Road Cycling

Road cycle racing is popular the world over, although the sport has a definite Eurocentric feel, with the Benelux countries, France, Germany, Italy and Spain enjoying particular prominence. Road races are categorised according to length, single-stage or multi-stage, and type. Types of road race include:

  • Open road races – Where riders compete over a linear or circular course, which can measure anything from 20km to over 200km.
  • A stage – The same principle as an open road race, but forming only one element of a multi-day competition.
  • Criterium – A race which takes place on a closed course, often involving several laps of a circuit. Can vary in length from 800m to around 4km.
  • Individual time trial (ITT) – Explained by the commonly used French term contre le montre, literally “against the clock”. Riders complete a set course of variable length (anything from 15km to 200km) and set off at intervals. The rider with the lowest time wins. This is a solo race, and can form a stage of a longer multi-day competition.
  • Team time trial (TTT) – The same principle as the individual time trial, but involving all the members of a racing team.

For most types of road race, competitors set off en masse, this body of riders being known as the peloton. The first rider to cross the finishing line wins (or the fastest, in the case of time trials). There may also be additional point-scoring opportunities throughout the race involving sprints and being the first rider to summit designated mountains. In a multi-day competition, for example, riders compete for the title of sprint or climbing champion as well as for the overall lead.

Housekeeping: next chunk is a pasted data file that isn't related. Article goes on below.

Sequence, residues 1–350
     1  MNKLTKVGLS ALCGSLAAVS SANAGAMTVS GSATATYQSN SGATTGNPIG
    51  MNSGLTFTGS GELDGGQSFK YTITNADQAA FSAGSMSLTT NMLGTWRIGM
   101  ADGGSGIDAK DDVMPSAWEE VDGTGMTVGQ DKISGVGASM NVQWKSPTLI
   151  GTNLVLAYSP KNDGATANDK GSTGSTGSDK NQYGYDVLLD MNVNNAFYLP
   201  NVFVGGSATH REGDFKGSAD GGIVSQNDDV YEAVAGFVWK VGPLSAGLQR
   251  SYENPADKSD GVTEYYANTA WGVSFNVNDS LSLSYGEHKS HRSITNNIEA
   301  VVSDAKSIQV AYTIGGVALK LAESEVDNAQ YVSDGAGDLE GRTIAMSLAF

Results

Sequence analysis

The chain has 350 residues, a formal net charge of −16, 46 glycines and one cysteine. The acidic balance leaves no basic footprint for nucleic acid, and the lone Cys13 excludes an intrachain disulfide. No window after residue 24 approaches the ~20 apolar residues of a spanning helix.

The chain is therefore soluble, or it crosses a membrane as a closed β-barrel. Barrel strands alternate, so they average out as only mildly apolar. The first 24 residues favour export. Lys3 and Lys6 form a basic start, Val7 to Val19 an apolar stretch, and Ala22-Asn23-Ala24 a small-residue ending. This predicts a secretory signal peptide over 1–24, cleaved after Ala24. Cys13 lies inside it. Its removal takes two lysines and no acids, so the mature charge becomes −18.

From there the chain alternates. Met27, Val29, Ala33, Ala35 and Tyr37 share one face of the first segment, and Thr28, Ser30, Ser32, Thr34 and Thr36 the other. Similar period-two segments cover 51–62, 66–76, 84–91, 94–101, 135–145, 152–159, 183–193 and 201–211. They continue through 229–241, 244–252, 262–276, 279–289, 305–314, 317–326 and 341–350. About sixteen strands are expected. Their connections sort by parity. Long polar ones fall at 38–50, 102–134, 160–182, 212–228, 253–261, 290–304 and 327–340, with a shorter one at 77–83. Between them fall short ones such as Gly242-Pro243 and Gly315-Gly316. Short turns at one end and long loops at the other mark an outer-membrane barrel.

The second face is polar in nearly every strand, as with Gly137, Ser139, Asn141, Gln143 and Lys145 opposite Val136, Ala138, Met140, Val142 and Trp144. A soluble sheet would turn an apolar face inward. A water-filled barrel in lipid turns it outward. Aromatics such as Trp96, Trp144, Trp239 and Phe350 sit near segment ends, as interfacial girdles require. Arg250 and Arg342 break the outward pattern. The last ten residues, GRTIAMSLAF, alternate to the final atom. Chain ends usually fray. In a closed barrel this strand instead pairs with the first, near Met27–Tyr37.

Road races take place all over the world. Given the length of the races, it is usually necessary to use public roads. These may be closed to traffic for major events, and UK youth racing (for under-16s) always takes place in traffic-free circuits.

Racing bikes are light, aerodynamic and fitted with narrow, slick tyres and dropped handlebars which allow the rider to adapt his or her riding position.

BMX

The name BMX is a shortened form of Bicycle Moto-Cross. There are two forms of BMX – Racing and Freestyle. BMX is an ideal form of cycling for competitors of all ages, and makes for an exciting introduction to cycling for children from six years upwards.

BMX Bike

BMX Bike

BMX Racing
Competitors can choose from two types of bicycle – the smaller, 20” wheel variety and the larger 24” inch cruiser. Often fast and furious, racing involves up to eight riders speeding around a track between 300 and 400 metres in length. The track incorporates jumps, bumps and banked corners (known as berms), so skill is needed to negotiate these obstacles without losing speed. Each lap is known as a moto, with finishers accruing points based on their position. The first rider to cross the line wins. Where several laps are raced, the final ranking is based on points accrued; the first to cross the line being awarded one point. BMX racing is widespread and popular, and has even been classified an Olympic sport.